Publications of Mareschal, D.

Electrophysiological correlates of common-onset visual masking

In common-onset visual masking (COVM) the target and the mask come into view simultaneously. Masking occurs when the mask remains on the screen for longer after deletion of the target. Enns and Di Lollo [Enns, J. T., & Di Lollo, V. (2000). What's new in visual masking? Trends in Cognitive Sciences, 4(9), 345-352] have argued that this type of masking can be explained by re-entrant visual processing. In the present studies we used high-density event-related brain potentials (HD-ERP) to obtain neural evidence for re-entrant processing in COVM. In two experiments the participants' task was to indicate the presence or absence of a vertical bar situated at the lower part of a ring highlighted by the mask. The only difference between the experiments was the duration of the target: 13 and 40 ms for the first and second experiment respectively. Behavioral results were consistent between experiments: COVM was stronger as a joint function of a large set size and longer trailing mask duration. Electrophysiological data from both studies revealed modulation of a posterior P2 component around 220 ms post-stimulus onset associated with masking. Further, in the critical experimental condition we revealed a significant relation between the amplitude of the P2 and behavioural response accuracy. We hypothesize that this re-activation of early visual areas reflects re-entrant feedback from higher to lower visual areas, providing converging evidence for re-entrance as an explanation for COVM. (c) 2007 Elsevier Ltd. All rights reserved.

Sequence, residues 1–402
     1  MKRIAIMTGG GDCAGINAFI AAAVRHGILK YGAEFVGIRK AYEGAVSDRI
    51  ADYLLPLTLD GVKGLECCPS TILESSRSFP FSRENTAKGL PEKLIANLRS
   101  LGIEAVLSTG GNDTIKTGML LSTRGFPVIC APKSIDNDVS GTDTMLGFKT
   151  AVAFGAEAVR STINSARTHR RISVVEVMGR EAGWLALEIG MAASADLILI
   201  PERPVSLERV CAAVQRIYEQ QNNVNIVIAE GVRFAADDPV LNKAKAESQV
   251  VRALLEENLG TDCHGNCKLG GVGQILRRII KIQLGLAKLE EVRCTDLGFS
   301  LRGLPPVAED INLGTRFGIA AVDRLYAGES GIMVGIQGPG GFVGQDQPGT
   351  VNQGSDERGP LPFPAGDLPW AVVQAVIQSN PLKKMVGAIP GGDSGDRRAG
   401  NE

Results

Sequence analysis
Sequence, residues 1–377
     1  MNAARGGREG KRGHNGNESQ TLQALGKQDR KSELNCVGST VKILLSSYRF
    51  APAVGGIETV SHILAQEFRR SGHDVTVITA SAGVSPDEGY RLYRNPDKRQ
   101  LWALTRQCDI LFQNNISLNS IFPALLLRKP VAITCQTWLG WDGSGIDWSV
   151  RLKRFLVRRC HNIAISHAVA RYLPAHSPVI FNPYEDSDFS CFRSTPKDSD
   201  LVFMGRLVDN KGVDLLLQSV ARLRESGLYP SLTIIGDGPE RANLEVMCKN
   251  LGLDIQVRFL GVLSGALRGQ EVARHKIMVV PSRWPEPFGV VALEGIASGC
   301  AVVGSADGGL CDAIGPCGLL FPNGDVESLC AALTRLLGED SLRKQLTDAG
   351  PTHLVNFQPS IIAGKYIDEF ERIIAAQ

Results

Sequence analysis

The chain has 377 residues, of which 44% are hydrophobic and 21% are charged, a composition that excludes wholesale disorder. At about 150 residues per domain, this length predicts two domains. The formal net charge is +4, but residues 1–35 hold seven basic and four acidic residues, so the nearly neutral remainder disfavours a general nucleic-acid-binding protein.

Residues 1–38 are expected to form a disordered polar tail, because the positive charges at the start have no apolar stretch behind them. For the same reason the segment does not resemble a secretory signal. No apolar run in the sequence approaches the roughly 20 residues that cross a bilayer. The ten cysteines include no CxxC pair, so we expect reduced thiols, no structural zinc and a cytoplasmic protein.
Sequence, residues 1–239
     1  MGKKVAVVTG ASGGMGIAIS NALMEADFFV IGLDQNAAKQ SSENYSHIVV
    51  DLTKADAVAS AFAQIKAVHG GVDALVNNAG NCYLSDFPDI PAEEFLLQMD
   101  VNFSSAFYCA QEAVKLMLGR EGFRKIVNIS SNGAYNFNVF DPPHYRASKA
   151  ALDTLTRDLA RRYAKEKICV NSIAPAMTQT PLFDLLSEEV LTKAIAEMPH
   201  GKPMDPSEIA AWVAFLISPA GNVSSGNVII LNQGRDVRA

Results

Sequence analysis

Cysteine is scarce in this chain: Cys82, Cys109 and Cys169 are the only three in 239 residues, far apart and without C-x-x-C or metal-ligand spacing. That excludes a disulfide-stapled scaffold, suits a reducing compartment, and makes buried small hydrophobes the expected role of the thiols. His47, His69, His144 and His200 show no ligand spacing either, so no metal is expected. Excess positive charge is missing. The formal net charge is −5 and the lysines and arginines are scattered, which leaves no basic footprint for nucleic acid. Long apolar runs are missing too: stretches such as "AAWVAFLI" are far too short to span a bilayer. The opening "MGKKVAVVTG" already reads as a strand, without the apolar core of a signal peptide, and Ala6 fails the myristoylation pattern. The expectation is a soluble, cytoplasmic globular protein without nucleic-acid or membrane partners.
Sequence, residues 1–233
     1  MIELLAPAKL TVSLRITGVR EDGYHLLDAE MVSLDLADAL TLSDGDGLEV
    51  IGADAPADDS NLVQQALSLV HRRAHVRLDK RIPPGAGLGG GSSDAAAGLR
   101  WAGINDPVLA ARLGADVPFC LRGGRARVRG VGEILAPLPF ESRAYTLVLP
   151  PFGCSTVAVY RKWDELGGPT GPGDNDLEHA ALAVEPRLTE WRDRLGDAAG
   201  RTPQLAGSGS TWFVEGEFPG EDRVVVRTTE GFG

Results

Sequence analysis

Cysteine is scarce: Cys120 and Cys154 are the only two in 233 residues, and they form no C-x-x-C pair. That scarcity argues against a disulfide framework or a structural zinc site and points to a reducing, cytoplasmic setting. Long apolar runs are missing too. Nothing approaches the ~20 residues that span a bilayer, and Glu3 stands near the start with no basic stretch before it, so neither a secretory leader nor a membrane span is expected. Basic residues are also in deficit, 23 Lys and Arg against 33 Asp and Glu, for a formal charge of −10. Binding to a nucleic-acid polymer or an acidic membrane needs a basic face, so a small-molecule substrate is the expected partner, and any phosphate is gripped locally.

Common-onset visual masking in infancy: Behavioral and electrophysiological evidence

Common-onset visual masking (COVM) occurs when a mask and a target have common onset but delayed offset, with the mask persisting beyond the duration of the target [Di Lollo, V., Enns, J. T., & Rensink, R. A. Competition for consciousness among visual events: The psychophysics of reentrant visual events. Journal of Experimental Psychology: General, 1-99, 481-507, 2000]. We report the first behavioral and electrophysiological evidence of COVM in infants. An initial behavioral Study included a familiarization phase during which a visual pattern (the target) surrounded by four black dots (the mask) was flashed 15 times to the infant. In the "unmasked" condition, the mask disappeared with the target. In the "masked" condition, the mask remained on the screen after deletion of the target for a further 93 msec. During the test phase, the familiar target pattern was paired with a new pattern. infants in the unmasked condition showed a significant familiarity preference, suggesting that they had encoded the target during familiarization, whereas those in the masked condition showed no preference, suggesting that they had not encoded the target during familiarization. In the second experiment, high-density event-related potentials were used to investigate the electrophysiological pattern of activity that accompanies COVM. Six-month-old infants viewed both masked and unmasked conditions. Electrophysiological data indicated that over posterior channels the masked condition elicited a larger amplitude positive wave around 300 msec after stimulus onset than trials in the unmasked condition.